-Siempre tuvo un harem y en él participaba sólo la gente de su extrema confianza. Cuando estuve en Roma llegué a contabilizar cerca de 30 hombres de su intimidad. Si éramos 90 en toda la comunidad, eso suponía el 30 por ciento de los seminaristas. En el mismo seminario llegó a meter mujeres, dispuso de un cuarto, pese a que está prohibido por el Derecho Canónico introducir mujeres en estos conventos para hombres de votos religiosos.
-¿Cada cuánto llegaba al colegio en Roma?
-Esporádicamente, él nunca estaba en los conventos. Nos visitaba muy de vez en cuando. Él se levantaba cerca de las once de la mañana y a veces nos acompañaba al desayuno y luego en la tarde, cerca de las cinco, nos invitaba una meriendita con galletas y helado de cóctel. Pero él nunca convivía en la casa. Era una persona muy incongruente, nosotros pensábamos que se partía el alma buscando medios de subsistencia. Eso era mentira; él sólo vivía para sus excesos fuera del convento.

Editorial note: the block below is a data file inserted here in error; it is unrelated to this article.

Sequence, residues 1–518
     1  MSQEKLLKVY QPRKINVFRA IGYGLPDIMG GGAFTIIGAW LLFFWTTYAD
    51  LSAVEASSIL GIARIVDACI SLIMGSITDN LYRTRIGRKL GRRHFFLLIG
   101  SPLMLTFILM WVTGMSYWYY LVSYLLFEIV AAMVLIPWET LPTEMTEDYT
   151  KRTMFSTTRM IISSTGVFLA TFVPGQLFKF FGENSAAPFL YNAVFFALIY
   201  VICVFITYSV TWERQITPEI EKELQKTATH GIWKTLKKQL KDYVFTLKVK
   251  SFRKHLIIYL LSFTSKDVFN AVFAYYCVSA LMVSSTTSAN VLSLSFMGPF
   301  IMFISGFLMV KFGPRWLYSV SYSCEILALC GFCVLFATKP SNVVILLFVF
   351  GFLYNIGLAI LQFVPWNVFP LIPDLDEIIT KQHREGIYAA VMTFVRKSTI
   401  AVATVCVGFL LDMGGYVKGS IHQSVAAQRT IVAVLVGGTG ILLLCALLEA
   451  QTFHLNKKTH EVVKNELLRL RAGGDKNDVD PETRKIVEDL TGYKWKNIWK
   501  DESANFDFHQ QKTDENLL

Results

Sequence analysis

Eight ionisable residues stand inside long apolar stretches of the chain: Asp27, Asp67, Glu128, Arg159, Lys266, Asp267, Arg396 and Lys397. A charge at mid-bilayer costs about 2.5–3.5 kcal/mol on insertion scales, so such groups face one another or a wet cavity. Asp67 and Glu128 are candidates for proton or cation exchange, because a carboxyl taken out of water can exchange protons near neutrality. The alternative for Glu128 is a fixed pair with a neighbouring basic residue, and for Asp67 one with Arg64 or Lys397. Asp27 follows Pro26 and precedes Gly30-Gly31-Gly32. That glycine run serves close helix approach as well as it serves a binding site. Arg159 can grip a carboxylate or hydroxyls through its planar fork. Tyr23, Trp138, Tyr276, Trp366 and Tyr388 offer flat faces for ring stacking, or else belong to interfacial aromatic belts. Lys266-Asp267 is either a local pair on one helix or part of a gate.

-¿Una vida que también implicaba el uso de drogas?
-Usaba dolantina, una forma de morfina, era un hombre hipersexual. Nunca dejaba la droga y las inyecciones se las ponía donde fuera, le daba lo mismo. Era una constante, para camuflarla siempre se hablaba de la enfermedad de "nuestro padre" y el calvario que tenía que sufrir porque el demonio bien sabía que le iba a ganar la batalla, una bola de estupideces que se hace enojoso recordar. Varias veces lo sorprendimos sufriendo la abstinencia de la droga que no se conseguía libremente. Cuando venía la necesidad, comenzaba su desesperación; una vez mandó a un sacerdote en avión desde Roma a España nada más para conseguir la morfina.
En agosto de 1962, Alejandro Espinosa dejó de creer en las seudoenfermedades de Maciel y reparó en su cara menos santa. Para liberarse de las amargas situaciones vividas tomó un nuevo ejercicio: escribir todos los días para no olvidar detalle. Después de estar 13 años en la congregación optó por una vida laica. "La primera vez que había sabido de esta gente tenía 12 años, cuando tuve el primer contacto con Carlos Mora, un estudiante dedicado a captar niños. Había vivido muchos años dentro de este sistema", dice Espinosa.